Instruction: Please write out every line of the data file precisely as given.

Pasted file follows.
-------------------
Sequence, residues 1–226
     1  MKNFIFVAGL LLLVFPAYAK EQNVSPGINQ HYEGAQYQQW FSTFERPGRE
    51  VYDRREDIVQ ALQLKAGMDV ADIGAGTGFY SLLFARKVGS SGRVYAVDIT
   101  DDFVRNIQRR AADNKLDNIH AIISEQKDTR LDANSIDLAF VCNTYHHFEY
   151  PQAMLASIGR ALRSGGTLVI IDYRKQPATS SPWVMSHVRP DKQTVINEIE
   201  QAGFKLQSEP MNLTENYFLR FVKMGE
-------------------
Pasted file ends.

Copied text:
Sequence, residues 1–226
     1  MKNFIFVAGL LLLVFPAYAK EQNVSPGINQ HYEGAQYQQW FSTFERPGRE
    51  VYDRREDIVQ ALQLKAGMDV ADIGAGTGFY SLLFARKVGS SGRVYAVDIT
   101  DDFVRNIQRR AADNKLDNIH AIISEQKDTR LDANSIDLAF VCNTYHHFEY
   151  PQAMLASIGR ALRSGGTLVI IDYRKQPATS SPWVMSHVRP DKQTVINEIE
   201  QAGFKLQSEP MNLTENYFLR FVKMGE